Argentina Creates Special Board to Pass on Entry; Brazil Probes Refugees

The Argentine Government has created a special board to pass on all applications for admission to the country, the New York Times reports in a dispatch from Buenos Aires.

The board, established under a decree which becomes effective Oct. 1, comprises representatives of the Interior, Foreign and Agriculture ministries. It will examine applications for immigration forwarded to it by consuls abroad. Landing permits will be sent the consuls for all applications approved, without which visas will not be issued.

According to the Times, the decree is understood to have been drawn because of the great number of Central Europeans desiring to enter Argentina and to prevent an influx of emigres who will work for wages lower than the prevailing standards. Jews are not mentioned in the decree, aim of which is to assure selective immigration, preferably of farmers with independent means.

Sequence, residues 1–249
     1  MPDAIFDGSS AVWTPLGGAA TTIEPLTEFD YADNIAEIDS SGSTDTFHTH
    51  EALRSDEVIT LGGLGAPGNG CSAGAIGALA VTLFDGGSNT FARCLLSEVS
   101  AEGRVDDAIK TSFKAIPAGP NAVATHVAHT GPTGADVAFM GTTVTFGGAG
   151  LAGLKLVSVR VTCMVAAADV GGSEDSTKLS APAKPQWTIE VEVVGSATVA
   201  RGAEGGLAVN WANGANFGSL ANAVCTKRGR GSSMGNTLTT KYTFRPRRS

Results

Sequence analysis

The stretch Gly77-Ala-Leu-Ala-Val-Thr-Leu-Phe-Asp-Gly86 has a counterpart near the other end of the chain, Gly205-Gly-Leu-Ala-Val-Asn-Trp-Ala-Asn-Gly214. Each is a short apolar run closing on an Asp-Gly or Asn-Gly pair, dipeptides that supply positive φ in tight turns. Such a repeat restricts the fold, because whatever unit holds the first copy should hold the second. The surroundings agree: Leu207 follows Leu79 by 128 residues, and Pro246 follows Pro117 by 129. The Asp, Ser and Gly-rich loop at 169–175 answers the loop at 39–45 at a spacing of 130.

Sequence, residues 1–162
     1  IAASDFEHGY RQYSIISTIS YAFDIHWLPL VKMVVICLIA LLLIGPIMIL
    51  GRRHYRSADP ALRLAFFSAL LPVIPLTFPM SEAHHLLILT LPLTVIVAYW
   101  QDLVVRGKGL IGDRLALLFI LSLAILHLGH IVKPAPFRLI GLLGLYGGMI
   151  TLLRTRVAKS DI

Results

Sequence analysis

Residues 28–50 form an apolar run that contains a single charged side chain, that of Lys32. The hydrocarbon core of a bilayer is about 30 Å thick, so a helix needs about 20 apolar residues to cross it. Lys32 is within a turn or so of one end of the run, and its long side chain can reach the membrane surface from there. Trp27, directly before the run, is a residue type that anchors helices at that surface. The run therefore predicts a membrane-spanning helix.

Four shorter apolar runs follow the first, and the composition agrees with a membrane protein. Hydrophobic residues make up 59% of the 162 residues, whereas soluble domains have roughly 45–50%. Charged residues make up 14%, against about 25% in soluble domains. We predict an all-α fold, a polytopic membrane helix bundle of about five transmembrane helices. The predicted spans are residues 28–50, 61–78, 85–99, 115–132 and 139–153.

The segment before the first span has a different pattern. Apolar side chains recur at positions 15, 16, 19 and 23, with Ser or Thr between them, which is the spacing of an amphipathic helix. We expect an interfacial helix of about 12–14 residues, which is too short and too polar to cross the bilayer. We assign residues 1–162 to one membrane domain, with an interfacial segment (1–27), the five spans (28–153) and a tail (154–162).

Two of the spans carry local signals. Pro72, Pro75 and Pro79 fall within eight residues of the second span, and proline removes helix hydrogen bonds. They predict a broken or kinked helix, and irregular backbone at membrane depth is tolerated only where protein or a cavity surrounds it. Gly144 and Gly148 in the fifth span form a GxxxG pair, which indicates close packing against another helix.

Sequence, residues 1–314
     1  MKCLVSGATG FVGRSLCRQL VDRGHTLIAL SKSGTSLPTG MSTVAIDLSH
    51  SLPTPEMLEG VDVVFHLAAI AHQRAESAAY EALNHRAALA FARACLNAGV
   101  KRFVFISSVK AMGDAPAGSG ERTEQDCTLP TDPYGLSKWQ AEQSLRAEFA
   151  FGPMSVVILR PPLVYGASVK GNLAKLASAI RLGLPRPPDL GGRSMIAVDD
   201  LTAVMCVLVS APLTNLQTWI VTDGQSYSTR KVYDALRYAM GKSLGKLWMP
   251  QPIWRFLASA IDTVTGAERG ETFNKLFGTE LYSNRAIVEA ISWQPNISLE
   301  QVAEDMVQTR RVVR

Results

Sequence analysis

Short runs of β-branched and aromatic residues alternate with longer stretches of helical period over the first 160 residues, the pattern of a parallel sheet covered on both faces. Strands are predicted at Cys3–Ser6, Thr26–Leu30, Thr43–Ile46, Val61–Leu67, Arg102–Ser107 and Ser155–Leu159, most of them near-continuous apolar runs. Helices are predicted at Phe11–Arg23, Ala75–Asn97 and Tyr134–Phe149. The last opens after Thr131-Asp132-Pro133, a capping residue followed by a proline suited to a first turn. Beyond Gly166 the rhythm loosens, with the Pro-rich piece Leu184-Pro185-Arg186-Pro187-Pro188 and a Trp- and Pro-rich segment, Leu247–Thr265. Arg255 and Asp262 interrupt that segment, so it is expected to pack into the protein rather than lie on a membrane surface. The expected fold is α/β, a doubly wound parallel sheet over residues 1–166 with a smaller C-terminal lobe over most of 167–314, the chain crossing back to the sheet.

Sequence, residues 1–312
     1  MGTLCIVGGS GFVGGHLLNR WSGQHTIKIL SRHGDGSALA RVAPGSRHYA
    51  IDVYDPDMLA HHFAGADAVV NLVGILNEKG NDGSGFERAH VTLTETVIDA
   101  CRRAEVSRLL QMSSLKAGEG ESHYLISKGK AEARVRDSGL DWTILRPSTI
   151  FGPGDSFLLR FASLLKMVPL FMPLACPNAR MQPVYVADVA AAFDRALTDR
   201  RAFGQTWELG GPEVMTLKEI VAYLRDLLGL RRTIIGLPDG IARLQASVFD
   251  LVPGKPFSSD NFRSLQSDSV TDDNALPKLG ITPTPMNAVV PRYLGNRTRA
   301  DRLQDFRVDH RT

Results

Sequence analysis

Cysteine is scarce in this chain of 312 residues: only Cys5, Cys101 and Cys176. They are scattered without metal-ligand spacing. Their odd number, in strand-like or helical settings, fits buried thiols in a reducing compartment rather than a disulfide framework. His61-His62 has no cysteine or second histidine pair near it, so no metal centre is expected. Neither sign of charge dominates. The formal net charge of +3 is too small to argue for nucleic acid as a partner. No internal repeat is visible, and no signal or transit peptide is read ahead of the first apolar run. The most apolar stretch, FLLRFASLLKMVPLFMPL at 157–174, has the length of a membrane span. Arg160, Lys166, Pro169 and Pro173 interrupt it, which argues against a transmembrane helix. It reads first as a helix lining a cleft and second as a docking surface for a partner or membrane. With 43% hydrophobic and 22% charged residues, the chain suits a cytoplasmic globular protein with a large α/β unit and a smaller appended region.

A Rio de Janeiro dispatch reports that the commission named by President Vargas to decide the fate of 4,800 refugees from Europe soon will begin its study of those who arrived as tourists on six-month visas but remained illegally. Each refugee, the dispatch states, will be asked to present within 120 days a report of his means of support. Commission investigators will check each case.

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